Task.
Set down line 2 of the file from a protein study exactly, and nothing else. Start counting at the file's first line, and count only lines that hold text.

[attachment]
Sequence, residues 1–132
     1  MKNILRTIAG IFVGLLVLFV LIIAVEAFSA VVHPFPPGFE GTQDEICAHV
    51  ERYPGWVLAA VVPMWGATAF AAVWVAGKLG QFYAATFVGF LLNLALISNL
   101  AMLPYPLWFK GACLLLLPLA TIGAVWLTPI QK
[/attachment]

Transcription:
     1  MKNILRTIAG IFVGLLVLFV LIIAVEAFSA VVHPFPPGFE GTQDEICAHV